Damien F. Mackey
‘The Queen of the South will rise at the judgment with this generation and condemn it; for she came from the ends of the earth to listen to Solomon’s wisdom, and now something greater than Solomon is here’.
Matthew 12:42; Luke 11:31
Owing to our modern tendency to think along global lines, we can sometimes over-extend the more localised geographical indicators given in the Bible. Thus we might be inclined to imagine that ‘the Queen of the South coming from the ends of the earth’ must have set out from some location far, far, to the south of Jerusalem, whereas – according to what has been determined in this series, at least – she came only from the southernmost boundary of the kingdom of Israel, from Beersheba in the Negev.
Jesus Christ appears to have given very specific geographical co-ordinates here.
Actually, the descriptive phrase, ‘Queen of the South’, can biblically embrace also the Egypt/ Ethiopia where the ancient Jewish historian Josephus had located this queen: “There was then a woman, queen of Egypt and Ethiopia. . . . When this queen heard of the virtue and prudence of Solomon, she had a great mind to see him. . . . Accordingly she came to Jerusalem with great splendor and rich furniture.” (Whiston, Josephus’ Complete Works, Antiquities of the Jews, VIII, VI, p. 5.7). For, as I noted in my:
Solomon and Sheba
…. The New Testament evidence that Solomon’s visitor was a “Queen of the south [who] came from the ends of the earth …” (cf. Matthew 12:42 & Luke11:31) supports an Egypto-Ethiopian identity. In the Book of Daniel, the phrase ‘of the south’ was used with various rulers to designate rulership over Egypt and Ethiopia (cf. Daniel 11:5, 6, 9, 11, 25, 40).
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Jesus Christ had coupled the Queen of the South with the prophet Jonah and ‘the men of Nineveh’, whom he had mentioned first (Matthew 12:38-41):
Then some of the Pharisees and teachers of the law said to him, ‘Teacher, we want to see a sign from you’. He answered, ‘A wicked and adulterous generation asks for a sign! But none will be given it except the sign of the prophet Jonah. For as Jonah was three days and three nights in the belly of a huge fish, so the Son of Man will be three days and three nights in the heart of the earth. The men of Nineveh will stand up at the judgment with this generation and condemn it; for they repented at the preaching of Jonah, and now something greater than Jonah is here’.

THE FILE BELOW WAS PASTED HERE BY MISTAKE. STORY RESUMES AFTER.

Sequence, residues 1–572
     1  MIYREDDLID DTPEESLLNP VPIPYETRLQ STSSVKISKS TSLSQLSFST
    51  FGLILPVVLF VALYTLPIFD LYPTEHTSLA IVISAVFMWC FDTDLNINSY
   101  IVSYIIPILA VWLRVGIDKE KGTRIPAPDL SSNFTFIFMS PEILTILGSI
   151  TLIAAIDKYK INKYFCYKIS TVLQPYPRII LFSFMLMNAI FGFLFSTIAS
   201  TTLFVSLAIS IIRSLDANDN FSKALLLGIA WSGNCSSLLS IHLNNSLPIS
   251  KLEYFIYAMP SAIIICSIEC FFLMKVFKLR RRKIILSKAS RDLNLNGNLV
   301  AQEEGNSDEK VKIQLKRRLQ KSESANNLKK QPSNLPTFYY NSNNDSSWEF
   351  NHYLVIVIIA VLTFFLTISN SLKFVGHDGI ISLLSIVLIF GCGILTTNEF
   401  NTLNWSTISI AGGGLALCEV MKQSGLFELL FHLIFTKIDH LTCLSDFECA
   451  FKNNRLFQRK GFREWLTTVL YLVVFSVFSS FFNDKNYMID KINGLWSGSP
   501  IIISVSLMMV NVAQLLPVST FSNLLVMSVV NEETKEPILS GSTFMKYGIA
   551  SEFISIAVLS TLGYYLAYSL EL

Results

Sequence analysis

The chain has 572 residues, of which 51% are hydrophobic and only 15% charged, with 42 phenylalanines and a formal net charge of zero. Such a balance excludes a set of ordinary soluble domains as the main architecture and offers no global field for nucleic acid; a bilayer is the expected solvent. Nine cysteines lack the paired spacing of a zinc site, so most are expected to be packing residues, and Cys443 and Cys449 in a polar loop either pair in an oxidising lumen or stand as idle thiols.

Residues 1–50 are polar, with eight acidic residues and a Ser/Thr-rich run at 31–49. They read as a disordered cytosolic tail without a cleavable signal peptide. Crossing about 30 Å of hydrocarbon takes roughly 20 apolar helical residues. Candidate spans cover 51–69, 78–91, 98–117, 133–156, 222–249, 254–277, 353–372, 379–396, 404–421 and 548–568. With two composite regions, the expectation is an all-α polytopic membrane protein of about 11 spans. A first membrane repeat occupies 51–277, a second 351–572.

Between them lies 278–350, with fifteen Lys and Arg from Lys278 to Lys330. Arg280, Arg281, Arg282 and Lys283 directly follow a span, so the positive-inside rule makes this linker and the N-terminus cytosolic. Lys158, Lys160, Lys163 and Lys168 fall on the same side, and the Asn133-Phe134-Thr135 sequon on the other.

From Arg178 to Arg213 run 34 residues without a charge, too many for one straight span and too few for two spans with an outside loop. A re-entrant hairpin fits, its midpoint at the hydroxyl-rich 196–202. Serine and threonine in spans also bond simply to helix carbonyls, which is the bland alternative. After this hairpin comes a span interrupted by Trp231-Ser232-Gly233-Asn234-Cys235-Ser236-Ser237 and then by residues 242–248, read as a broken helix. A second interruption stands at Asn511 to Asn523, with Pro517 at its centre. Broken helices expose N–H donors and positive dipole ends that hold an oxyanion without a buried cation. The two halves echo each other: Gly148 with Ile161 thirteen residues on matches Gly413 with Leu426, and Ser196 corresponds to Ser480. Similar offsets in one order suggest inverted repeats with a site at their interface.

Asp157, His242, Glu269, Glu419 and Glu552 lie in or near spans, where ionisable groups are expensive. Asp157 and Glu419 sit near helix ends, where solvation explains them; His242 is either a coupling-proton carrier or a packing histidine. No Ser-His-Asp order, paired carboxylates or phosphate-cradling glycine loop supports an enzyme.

This eschatological threat by Jesus towards “some of the Pharisees and teachers of the law” would have been quite pointless had neither the Queen of the South nor Jonah truly existed and done what Jesus had attributed to them. It would have been somewhat like a mother threatening her child that if he/she continued to disobey her, then Daffy Duck would terrorise the child.
‘So what?’ one might appropriately retort under the circumstances.
According to this series, however, the Queen of the South was a known historical person – she was Queen Hatshepsut who became the Pharaoh of Egypt and Ethiopia.
And, if this identification is correct, then it must add further sting to the words of Jesus Christ. And it must also add strength to the argument that the prophet Jonah was an historical figure – further verified in 2 Kings 14:25 – and that he really had ‘sojourned’ in the belly of the whale.
“Was Jonah really in the belly of the whale?”, a student once asked Archbishop Fulton J. Sheen.
Fulton Sheen: “I don’t know, but the first thing I am going to do when I get to heaven is to ask Jonah: Were you in the belly of the whale?”
To which the wiseacre student replied: “What if Jonah’s not there?”
Fulton Sheen: “Then you ask him”.